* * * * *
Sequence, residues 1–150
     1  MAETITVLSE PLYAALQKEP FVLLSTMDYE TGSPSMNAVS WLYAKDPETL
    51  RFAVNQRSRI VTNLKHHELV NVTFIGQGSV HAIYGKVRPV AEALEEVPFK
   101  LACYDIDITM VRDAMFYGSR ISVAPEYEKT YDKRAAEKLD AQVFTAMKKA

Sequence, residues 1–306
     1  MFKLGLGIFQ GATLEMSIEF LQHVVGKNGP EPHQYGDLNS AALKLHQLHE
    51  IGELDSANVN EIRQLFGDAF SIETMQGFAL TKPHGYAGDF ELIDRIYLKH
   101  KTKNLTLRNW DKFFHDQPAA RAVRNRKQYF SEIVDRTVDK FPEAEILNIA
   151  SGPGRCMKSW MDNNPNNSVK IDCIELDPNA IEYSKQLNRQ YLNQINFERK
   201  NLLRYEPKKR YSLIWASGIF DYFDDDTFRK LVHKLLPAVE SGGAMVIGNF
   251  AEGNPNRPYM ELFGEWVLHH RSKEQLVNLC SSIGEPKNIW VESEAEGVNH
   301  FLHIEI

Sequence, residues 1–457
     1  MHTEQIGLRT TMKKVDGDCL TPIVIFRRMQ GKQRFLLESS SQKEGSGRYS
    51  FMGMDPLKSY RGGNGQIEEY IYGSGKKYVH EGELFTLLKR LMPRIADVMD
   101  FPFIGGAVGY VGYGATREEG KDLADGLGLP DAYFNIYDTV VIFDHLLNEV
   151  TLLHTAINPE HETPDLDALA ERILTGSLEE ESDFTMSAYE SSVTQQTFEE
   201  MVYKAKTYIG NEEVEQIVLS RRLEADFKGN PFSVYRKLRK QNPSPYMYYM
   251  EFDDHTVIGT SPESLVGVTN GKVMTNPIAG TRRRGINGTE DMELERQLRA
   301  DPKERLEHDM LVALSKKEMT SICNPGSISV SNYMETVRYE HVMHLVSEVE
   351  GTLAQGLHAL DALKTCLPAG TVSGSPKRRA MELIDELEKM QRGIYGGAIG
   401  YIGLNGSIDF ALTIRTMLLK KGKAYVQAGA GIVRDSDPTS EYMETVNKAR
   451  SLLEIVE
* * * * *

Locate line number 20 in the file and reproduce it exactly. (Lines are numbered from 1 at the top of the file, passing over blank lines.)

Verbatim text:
   301  DPKERLEHDM LVALSKKEMT SICNPGSISV SNYMETVRYE HVMHLVSEVE